Councils often spark a bit of controversy when it comes to charging hefty fines for seemingly harmless offences.
Whether it’s ordering a five-year-old girl to pay £150 for setting up a lemonade stall, or threatening to charge a pensioner for cutting his grass outside his home – contentious decisions are never far away.
And so it was with Neil Masey, who was ordered to pay £600 after council enforcers caught him recycling a cardboard box and a plastic bottle at a shopping centre in Brighton.
Unfortunately for him, Brighton and Hove City Council said the rubbish from his business making vegan beard products was ‘clearly trade waste’.
If the 54-year-old, who is a vegan himself, doesn’t pay up within 14 days, the fines will increase to £2,000.
Mr Masey could also face prosecution if he continues to refuse the fine. He says it’s ‘absolutely outrageous’ to suggest he needs a commercial waste collection as Mr Masey’s Emporium Of Beards ‘generates virtually no waste’.
He makes his vegan beard oils and moustache waxes on a rented workbench within a small gift shop close to Brighton beach.
By the end of the week, he said he usually has one to two cardboard boxes and the odd five-litre plastic bottle left to recycle. Everything else is reused.
As he took a cardboard box and a 30ml plastic bottle to the Marina shopping centre last week, he noticed a council officer ‘ferret in the bins and fish them out’.
He was told that as the rubbish was ‘trade waste’, he needed a commercial collection service, which can cost hundreds of pounds, and he would need a certificate to prove it is being recycled responsibly.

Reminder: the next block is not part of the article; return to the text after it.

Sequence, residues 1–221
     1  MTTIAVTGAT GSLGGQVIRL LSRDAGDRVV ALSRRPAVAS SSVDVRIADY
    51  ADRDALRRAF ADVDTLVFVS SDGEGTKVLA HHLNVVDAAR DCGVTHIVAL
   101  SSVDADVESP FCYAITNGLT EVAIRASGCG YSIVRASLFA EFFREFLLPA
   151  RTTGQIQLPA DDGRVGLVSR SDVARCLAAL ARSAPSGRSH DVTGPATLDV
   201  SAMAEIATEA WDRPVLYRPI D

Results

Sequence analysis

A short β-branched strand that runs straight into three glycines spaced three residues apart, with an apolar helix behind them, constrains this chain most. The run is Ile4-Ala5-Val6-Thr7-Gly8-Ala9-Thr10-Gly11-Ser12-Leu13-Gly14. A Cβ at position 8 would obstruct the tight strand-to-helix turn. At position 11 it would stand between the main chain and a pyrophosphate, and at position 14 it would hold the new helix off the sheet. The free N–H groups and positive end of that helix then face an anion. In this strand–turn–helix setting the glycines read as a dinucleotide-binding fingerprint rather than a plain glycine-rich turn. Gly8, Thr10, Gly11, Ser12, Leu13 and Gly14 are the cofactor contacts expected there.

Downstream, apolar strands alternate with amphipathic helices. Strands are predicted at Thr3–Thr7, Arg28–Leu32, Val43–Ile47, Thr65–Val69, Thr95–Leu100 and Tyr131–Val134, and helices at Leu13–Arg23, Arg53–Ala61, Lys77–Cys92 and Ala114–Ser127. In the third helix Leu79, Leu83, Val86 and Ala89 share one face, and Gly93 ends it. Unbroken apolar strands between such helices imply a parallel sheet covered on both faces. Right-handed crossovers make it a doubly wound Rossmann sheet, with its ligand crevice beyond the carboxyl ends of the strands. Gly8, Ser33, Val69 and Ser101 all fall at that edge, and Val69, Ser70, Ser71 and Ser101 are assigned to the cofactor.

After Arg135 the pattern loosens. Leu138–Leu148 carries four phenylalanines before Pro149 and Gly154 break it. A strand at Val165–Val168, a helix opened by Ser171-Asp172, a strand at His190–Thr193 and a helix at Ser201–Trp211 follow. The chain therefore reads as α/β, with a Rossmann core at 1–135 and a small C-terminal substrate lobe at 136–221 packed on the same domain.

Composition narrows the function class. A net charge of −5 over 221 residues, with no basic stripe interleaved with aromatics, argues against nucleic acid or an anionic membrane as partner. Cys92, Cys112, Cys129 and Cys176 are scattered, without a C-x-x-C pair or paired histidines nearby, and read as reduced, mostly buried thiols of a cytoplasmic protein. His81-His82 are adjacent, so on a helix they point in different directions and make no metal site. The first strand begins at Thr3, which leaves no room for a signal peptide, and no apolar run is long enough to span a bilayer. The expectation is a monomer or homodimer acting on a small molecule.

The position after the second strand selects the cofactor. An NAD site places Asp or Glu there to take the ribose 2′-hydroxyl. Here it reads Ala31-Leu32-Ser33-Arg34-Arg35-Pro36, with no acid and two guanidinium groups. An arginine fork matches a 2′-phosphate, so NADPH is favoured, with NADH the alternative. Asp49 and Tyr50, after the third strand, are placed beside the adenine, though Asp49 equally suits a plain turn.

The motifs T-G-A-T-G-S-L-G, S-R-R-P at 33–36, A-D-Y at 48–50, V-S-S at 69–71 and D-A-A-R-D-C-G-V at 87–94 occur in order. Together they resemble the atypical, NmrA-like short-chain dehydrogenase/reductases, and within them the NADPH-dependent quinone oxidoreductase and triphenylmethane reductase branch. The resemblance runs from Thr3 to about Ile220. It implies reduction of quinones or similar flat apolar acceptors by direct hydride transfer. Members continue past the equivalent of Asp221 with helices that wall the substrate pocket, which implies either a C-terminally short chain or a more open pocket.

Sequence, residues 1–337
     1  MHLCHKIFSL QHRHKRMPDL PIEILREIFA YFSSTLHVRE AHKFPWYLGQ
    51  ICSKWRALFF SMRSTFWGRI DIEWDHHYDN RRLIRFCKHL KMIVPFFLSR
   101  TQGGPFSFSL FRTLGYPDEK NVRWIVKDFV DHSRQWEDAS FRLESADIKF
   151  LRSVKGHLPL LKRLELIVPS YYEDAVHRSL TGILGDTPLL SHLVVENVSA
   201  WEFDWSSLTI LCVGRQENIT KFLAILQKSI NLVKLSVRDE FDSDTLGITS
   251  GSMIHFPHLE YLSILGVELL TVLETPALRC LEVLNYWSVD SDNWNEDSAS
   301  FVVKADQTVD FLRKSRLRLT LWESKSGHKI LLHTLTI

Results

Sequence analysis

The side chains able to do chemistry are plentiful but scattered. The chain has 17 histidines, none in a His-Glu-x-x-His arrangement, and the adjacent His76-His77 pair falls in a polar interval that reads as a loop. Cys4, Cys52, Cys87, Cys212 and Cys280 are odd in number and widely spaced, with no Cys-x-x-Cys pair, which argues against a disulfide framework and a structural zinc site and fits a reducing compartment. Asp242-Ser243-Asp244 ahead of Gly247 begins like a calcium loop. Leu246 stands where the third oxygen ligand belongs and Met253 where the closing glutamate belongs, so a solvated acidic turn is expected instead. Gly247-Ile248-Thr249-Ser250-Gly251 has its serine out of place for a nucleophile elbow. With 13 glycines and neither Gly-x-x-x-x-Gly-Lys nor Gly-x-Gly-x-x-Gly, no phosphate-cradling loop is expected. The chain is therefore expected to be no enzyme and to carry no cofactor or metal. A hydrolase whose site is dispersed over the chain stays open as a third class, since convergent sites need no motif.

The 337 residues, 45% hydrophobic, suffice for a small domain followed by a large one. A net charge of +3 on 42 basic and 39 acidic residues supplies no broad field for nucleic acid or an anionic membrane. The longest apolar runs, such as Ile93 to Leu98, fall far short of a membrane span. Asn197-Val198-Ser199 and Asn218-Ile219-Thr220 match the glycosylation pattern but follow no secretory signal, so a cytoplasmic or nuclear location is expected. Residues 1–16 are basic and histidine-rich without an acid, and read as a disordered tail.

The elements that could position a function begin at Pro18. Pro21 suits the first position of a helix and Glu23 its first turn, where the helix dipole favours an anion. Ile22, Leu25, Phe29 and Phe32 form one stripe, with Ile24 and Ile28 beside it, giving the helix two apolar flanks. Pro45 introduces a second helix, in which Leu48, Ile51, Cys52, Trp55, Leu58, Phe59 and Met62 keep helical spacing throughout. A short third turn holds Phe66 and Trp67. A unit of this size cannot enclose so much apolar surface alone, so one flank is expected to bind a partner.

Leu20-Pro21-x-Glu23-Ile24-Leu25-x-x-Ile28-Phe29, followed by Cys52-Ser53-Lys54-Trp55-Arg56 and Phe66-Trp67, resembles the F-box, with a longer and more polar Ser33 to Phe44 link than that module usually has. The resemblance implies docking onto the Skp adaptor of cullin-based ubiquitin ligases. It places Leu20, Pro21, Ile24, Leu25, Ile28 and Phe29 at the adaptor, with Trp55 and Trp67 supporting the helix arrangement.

Without it, he would be fined £300 per item.
He said: ‘It’s a complete con. I make my own sandwiches daily and I like a nice packet of crisps.
‘I am told that technically, the waste has been generated at my rented bench and therefore it’s commercial waste.
‘So taking that crisp packet home and putting it in my bin is also, technically, a criminal offence.
‘Shall I write a cheque out for all the daily £300 fines I’ve accrued for my daily crisp addiction?’
A council spokesperson said all businesses are ‘required by law’ to dispose of their waste through a contractor.
The spokesperson added: ‘The misuse of council owned bins costs us hundreds of thousands of pounds each year which is why we introduced enforcement to tackle this problem.
‘Any business found to be using council bins illegally will face a Fixed Penalty Notice which, if left unpaid, could lead to prosecution.’
Mr Masey is refusing to pay the fines and will likely go to court as he says the ‘appeal process is non-existent’.
He added: ‘It feels like yet another way of taxing already hard-pushed local businesses.’